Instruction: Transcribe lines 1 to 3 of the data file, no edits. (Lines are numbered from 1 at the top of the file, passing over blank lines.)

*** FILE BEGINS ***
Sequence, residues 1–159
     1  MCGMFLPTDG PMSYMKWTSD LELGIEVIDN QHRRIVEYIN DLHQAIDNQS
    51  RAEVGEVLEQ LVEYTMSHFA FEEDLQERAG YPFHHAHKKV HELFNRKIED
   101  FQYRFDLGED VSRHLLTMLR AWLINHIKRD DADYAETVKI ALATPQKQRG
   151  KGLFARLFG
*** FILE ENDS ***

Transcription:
Sequence, residues 1–159
     1  MCGMFLPTDG PMSYMKWTSD LELGIEVIDN QHRRIVEYIN DLHQAIDNQS
    51  RAEVGEVLEQ LVEYTMSHFA FEEDLQERAG YPFHHAHKKV HELFNRKIED